The purpose of the study is to evaluate efficacy and safety of Peptide Receptor Radionuclide Therapy (PRRT) with 177Lu-Edotreotide compared to targeted molecular therapy with Everolimus in patients with inoperable, progressive, somatostatin receptor-positive (SSTR+), neuroendocrine tumours of gastroenteric or pancreatic origin (GEP-NET).
Objectives: The aim of the present study is to assess the significance of metabolomics and genetics in diagnosing and survival evaluation for pNET in the periodic follow-up of MEN1 patients. Aim 1: To evaluate the relationship of serum global metabolic profiles with subsequent development of aggressive PNET and evaluate patients survival in a nested case-control study of MEN1 patients who have developed aggressive PNETs (cases) and MEN1 patients who have developed non-aggressive PNETs (controls). Aim 2: Validate the top serum metabolites identified from Aim 1 in MEN1 patients who have developed aggressive PNETs and MEN1 patients who have developed non-aggressive PNETs, using a targeted metabolomics approach. Aim 3: Prospectively identify the potential miRNA biomarkers of serum with miRNA sequencing in MEN1 patients who have developed aggressive PNETs (cases) and MEN1 patients who have developed non-aggressive PNETs (controls). Aim 4: Validate the potential miRNA biomarkers identified from Aim 1 in MEN1 patients who have developed aggressive PNETs and in MEN1 patients who have developed non-aggressive PNETs, using a targeted qRT-PCR approach (in serums), as well as to see the relationship of potential miRNA biomarkers with patients survival.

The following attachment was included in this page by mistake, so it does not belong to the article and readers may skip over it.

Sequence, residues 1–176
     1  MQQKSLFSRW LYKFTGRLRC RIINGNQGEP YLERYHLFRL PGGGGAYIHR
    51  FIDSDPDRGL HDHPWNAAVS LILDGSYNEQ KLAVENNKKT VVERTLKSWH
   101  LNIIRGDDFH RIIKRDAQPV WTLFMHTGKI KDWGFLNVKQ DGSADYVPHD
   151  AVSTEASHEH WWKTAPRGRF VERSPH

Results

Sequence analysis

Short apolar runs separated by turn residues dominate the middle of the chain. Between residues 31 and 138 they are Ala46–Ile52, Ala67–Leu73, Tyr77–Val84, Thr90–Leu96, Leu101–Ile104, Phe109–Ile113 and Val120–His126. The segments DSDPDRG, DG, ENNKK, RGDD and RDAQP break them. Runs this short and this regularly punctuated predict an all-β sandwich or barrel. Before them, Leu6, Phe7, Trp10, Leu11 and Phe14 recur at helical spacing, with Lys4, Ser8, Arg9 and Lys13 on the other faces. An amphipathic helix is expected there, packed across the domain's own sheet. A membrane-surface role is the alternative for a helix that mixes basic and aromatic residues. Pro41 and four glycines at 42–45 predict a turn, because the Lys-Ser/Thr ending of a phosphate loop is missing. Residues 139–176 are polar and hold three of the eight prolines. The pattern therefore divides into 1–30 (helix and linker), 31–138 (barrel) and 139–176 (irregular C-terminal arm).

This study is designed to identify the best tolerated doses of Iodine-MIBG and Yttrium-DOTATOC when co-administered to treat midgut neuroendocrine tumors. These drugs (131I-MIBG, 90Y-DOTATOC) are radioactive drugs, known as radionuclide therapy. Currently, the safest and best tolerated doses of these drugs (when combined together) is unknown.
This study is for patients with non-resectable, recurrent, or metastatic well or moderately differentiated gastroenteropancreatic neuroendocrine tumors (GEP-NETs). The study will be conducted in two stages: 1) Safety Run-In and 2) Expanded Cohort. 1. Safety run-in: The first stage will include a safety run-in of 6 patients treated with pembrolizumab 200 mg intravenous (IV) every 3 weeks and lanreotide depot 90mg subcutaneous (SQ) every 3 weeks. Up to 6 patients at the Duke Cancer Institute will be accrued at the starting dose level. If one or less subject meets treatment-related discontinuation criteria (as specified in the protocol) during Cycle 1, then the study will proceed to the second stage, Expanded Cohort. 2. Expanded Cohort: Patients will be treated with pembrolizumab 200mg IV every 3 weeks and lanreotide depot 90mg SQ every 3 weeks as determined by the Safety Run-In Cohort.
OBJECTIVES: The primary objective of this study is to evaluate the effect of estrogen on the development of the PNET in MEN1 patients. The secondary objective is to evaluate the overall survival and disease specific survival in patients who have confirmed MEN1 with or without PNET and a pancreatic neuroendocrine tumor in relation to their hormone status. The secondary objective is to evaluate clinicopathologic features in relation to hormone status.